At the 16th of April, the Battle of Berlin had started. Within the following two weeks, a comparable weight of explosives as during the earlier 360 air raids were launched on the German capital. In his last weeks, the dictator bothered his secretaries more and more with trivial topics such as dogs and dogtraining as advocated his art of nutrition. Meanwhile, he would combine many medicines and eat masses of pie – which he was given for his birthday at the 20th of April. Due to a (self)destructive lifestyle, Hitler looked much older than only half a year before. His clothes were full of stains and, for the first time during his dictatorship, Hitler made a sloppy impression to his surrounding. At military briefings, Hitler rested his hope at battalions that didn’t exist anymore. The military staff -albeit in secret- thought of him as ridiculous. Many military orders that Hitler gave were set aside or ignored. High ranked officers fled to Southern Germany – or the Vatican state helped them for an escape to Spain, Argentina, Chile or Paraguay. Hitler did not: he was determined to die in Berlin. He married Eva Braun on the 29th – it would be a honeymoon to hell. The next day, Hitler tested the poison on his dog and Eva – after which he shot himself. Two days later, the Red Army besieged the area around the Hitlerbunker. Another week later, Nazi-Germany surrendered.

The Soviet general Georgy Zhukov stated in June 1945 that no body of Hitler is found, and he may got away with an airplane. Even Stalin himself stated during the Potsdam conference in July that year, that Hitler may have fled to Spain or Argentina. The earlier stated myths and conspiracy theories found their origin in this period. The first debunking took place in 1968, when the Soviet journalist Lev Alexandrovitsj Besymenski published a book about secret Soviet documents. In the book is revealed that the Red Army have been looking for Hiter’s corps already at the 2nd of May. Three days later, first lieutenant Panassow and his inferior Tschurakow found what they were looking for in a shell crater, with a three meter distance from the exit of the ‘Führerbunker‘. However, the 200 liter benzine had turned the corpses quite much into coal. The remains were brought to Berlin-Buch, where an autopsy confirmed the identity of Adolf Hitler and Eva Hitler-Braun. The most important prove of the identification were his crooked teeth, which Hugo Blaschke -one of Hitler’s dentists- recognised. In 1990, a news item stated that Yuri Andropov (the Soviet Secret Service leader back then) commanded in 1970 to burn Hitler’s remains and dump them into the Elbe river. Soviet officer stated that Hitler’s ashes were dumped into the Elbe river. Only a few fragments of Hitler’s scull were archivated in a Russian States Archive. These fragments however, turned out to be from a woman…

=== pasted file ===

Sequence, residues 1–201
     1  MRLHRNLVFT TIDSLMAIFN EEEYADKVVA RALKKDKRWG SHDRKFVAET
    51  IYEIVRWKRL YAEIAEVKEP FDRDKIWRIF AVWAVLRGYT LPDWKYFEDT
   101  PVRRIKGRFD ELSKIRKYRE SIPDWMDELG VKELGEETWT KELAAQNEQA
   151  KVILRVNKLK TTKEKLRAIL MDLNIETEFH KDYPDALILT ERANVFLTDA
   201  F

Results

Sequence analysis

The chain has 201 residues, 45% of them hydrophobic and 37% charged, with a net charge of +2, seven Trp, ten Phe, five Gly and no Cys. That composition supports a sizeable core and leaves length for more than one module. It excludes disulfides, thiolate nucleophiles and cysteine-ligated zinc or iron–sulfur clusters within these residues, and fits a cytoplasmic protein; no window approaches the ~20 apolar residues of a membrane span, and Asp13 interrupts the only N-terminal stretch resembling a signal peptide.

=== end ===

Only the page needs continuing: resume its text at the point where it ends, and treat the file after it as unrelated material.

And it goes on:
The Hitlerbunker after the Soviets tried to destroy it. ©Bundesarchiv. Bild_183-M1204-319,_Berlin,_Reichskanzlei,_gesprengter_Führerbunker

What about the bunker? In despite of various attempts, the outer walls was too solid for being demolished with Russian dynamites. Only the inner walls were blown up, while an artificial hill was heaped over it. In the meanwhile, the high groundwater level changed the bunker into an underground swimming pool. Until 1986, when the area was changed into a construction site for the next three years. A certain man named Robert Conrad photographed the bunker in decay. He may be the last person on earth who got to know Hitler’s bunker; in 1989, the bunker was filled with rubble, sand and stones. After the Fall, a parking lot is build over it. The German authorities were afraid for far right groups to turn the location into a neo-Nazi pilgrimage site. As a consequence, rumours again overstated the reality. Only before the World Championship of 2006, an information panel by Berliner Unterwelten made an end to the endless rumours and expending urban myths.

In short, with this entry – I hope that once and for all I’ve clarified that Hitler didn’t spend his last days as a free man in the Argentinian sun. On the contrary, the Hitlerbunker was far from luxurious. Also, The Great Dictator saw that his power was waning in the last days of his life. Only his last order, to make sure that his body can’t be exposed in a Soviet museum as a triumph, was carefully accomplished.